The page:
NEW YORK – The Thanksgiving shopping weekend doesn't appear to have been the disaster some had feared, but tempered buying and unprecedented deep discounts likely resulted in soft sales. Now, online retailers are ramping up heavy-duty deals to turn skittish shoppers into "Cyber Monday" spenders.
"Cyber Monday," a term coined by the trade group National Retail Federation in 2005 to describe the Monday after the Thanksgiving holiday, is the unofficial kickoff for the busy online retail season.
The nation's merchants are struggling to entice financially strapped shoppers for the rest of the holiday shopping season, expected to be the weakest in decades. Online sales are expected to be fairly flat after years of strong growth.
"The consumer clearly is showing us that there is a holiday to be had, but the consumer wants bigger deals. And they are not panicking," said Marshal Cohen, chief industry analyst at NPD Group, a market research group. "They're willing to wait it out at almost any price."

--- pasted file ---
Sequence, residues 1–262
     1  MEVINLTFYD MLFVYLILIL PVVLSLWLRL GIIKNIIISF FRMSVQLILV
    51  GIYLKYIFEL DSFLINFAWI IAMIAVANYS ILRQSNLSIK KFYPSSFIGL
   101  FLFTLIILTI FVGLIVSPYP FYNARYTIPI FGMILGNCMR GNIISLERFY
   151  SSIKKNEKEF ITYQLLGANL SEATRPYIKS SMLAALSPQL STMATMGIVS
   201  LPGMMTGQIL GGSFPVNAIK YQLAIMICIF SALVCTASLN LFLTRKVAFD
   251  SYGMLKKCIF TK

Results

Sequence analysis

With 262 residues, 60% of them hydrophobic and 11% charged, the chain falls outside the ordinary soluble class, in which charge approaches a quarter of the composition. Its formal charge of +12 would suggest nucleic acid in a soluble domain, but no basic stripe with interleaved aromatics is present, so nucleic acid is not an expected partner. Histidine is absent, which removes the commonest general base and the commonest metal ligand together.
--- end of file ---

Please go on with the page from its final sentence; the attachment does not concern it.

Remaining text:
Cohen predicts sales for the weekend, the traditional start of the holiday shopping season, were at best even with the same holiday weekend a year ago. The trade group National Retail Federation expects overall holiday spending will total about $470.4 billion, a 2.2 percent rise from a year ago and the slowest growth since 2002, and online retail is being hit along with brick-and-mortar stores.
If stores are already offering up to 75 percent off — a move likely to hurt profits — what more can they do? With mounds of inventory that merchants need to clear, Cohen said he expects retailers will be doing more two-for-one deals.
Still, the crowds that turned out for the early morning specials on Friday were a welcome relief to the nation's retailers — who since mid-September have suffered from the most dramatic falloff in spending in decades amid a ballooning financial crisis.
Merchants opened their stores as early as midnight on Thursday, holding their breath wondering if shoppers would snap up the pre-dawn specials. But while the crowds did come out to buy, many analysts say they were thinner than last year, and according to some accounts, the pre-dawn buying binge fell off sharply during the remainder of the weekend.